Second note to self:  Purchase a small rolling suitcase to use as a carry on.  Most airports have you walk a long way to meet your next plane.  My 30 pound backpack and purse got ridiculously heavy and burdensome.

IDD and Me

Long Road

My path towards Instructional Design and Development has been a long road.  When I was in college in the late 1980’s my career choices were all over the place.  My mother was a nurse so I thought I would follow in her footsteps, but since I am squeamish at the sight of blood that wasn’t going to be a possibility.  I had loved accounting in high school, but after taking economics my freshman year I realized that wasn’t for me either.  Crazy as it sounded (especially to my family) my true desire was to be an artist.  I had had an amazing art teacher in high school who had opened my eyes up to the world of art and I fell in love with it.  My only problem was I had no idea what I was going to do with my art degree.

In my sophomore year I began taking art courses in hopes that it would help me decide how I would use my degree.  I enjoyed each class and learned so much, but I was no closer to finding out what I wanted to do.  It wasn’t until my senior year, realizing graduation was looming, I took an educational foundations course and for the first time I felt at home.  Art education seemed like the place for me.  Of course there was a catch, this would mean I would have to go to school for another year to complete the required education courses.  I just wasn’t willing to put off finishing school for another year.

I graduated in May of 1989 with a Bachelor of Science in Art from Huntingdon College.  My family was very proud of me for completing my degree, but I was terrified!  I know it doesn’t sound like much money nowadays, but I believe I owed around $8,000 in student loans.  Therefore, I completely abandoned any notion of using my degree and went to work.  I had bills to pay!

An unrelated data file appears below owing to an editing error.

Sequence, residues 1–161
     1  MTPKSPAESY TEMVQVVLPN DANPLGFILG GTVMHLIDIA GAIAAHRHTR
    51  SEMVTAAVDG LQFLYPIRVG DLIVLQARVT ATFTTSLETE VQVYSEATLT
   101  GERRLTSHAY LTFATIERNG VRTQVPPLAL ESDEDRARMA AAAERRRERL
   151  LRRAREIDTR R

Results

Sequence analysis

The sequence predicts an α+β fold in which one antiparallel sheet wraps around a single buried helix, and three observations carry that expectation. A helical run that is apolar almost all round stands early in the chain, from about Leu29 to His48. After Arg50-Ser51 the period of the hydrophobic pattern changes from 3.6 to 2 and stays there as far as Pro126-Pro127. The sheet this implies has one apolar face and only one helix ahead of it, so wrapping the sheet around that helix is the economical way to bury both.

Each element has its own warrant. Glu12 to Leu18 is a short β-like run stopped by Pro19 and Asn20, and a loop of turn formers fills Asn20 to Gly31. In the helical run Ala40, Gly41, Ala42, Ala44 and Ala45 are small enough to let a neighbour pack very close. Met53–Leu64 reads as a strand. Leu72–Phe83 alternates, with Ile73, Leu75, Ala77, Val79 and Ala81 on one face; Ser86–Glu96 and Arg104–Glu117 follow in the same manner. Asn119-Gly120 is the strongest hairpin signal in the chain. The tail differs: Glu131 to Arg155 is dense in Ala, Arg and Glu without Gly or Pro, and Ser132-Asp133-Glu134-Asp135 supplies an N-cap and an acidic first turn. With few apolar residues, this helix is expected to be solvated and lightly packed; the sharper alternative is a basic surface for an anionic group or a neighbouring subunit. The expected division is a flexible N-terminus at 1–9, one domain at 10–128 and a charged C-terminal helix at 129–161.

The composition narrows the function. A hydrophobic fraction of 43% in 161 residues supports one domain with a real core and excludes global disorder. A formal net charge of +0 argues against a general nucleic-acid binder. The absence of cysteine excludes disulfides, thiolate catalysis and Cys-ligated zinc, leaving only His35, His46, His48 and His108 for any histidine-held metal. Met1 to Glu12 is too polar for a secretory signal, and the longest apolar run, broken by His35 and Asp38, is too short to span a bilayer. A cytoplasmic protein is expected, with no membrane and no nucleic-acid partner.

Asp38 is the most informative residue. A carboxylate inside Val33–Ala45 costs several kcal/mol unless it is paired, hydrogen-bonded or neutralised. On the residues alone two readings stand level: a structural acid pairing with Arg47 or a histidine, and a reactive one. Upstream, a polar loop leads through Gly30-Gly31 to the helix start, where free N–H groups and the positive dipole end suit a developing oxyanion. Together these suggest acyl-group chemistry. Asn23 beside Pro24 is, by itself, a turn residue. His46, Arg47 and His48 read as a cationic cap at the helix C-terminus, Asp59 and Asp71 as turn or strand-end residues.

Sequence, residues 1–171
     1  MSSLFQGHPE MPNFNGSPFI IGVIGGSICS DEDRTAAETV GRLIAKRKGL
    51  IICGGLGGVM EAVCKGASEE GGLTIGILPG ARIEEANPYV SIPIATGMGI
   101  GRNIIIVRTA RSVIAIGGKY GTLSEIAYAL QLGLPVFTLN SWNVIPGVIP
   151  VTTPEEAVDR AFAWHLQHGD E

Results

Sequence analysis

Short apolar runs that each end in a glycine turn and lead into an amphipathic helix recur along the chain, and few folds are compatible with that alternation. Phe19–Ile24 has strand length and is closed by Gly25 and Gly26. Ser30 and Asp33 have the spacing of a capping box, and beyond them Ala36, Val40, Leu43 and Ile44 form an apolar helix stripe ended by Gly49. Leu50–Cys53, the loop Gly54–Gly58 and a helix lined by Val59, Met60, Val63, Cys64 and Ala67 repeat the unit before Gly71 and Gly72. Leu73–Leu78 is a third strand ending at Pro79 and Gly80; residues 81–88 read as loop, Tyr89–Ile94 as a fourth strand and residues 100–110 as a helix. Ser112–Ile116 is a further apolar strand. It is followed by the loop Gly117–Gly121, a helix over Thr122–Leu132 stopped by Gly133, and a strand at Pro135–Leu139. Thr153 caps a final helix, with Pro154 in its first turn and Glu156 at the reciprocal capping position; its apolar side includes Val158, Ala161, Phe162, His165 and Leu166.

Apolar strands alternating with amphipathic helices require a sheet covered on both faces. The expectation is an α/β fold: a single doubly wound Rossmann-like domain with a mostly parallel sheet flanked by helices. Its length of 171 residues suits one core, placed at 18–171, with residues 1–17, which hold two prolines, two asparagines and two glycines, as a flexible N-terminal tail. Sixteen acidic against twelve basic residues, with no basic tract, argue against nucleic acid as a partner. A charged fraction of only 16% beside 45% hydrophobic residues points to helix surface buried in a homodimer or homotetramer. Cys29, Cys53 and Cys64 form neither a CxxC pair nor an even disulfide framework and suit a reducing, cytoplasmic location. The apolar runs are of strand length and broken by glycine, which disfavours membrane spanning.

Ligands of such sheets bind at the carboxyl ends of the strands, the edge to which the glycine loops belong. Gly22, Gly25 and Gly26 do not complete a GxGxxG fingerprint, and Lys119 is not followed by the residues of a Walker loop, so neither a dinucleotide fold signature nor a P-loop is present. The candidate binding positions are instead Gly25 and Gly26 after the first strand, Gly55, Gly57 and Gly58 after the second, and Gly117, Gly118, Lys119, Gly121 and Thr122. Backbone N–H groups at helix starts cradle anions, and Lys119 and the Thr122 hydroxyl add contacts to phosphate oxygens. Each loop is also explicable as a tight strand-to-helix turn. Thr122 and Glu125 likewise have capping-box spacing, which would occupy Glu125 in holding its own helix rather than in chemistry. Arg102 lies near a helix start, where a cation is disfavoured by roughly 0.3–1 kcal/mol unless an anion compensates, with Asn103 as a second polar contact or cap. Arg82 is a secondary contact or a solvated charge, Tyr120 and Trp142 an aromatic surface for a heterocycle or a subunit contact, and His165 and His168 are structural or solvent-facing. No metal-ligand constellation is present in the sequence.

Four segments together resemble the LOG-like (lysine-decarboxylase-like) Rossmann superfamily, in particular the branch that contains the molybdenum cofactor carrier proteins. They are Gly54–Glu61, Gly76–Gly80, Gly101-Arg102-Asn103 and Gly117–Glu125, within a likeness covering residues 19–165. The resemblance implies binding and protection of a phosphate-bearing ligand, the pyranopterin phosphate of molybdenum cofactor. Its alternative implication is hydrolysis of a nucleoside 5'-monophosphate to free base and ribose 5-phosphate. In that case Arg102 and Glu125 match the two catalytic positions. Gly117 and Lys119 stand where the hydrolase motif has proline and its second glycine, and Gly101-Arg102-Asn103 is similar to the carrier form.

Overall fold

After working in various support role positions for many years in civil service, private business, and two different higher educational institutions I was introduced to Instructional Design at the University of South Alabama (USA).  I was also working in Career Services at USA and with my personal struggle to discover a career path I realized I had a passion for college students as they navigated through the maze of career choices.  I also have a desire to assist students in finding real world work experience through internships and cooperative education opportunities.  I realized that by getting my master’s in IDD I could delve deeper into the Career Services field and be a greater help to students who are going through the same struggles I encountered.  With my work schedule and personal commitments I take one class each semester and ISD 581 is my fifth course.  The IDD program has been a perfect choice for me and I am excited to be a part of it.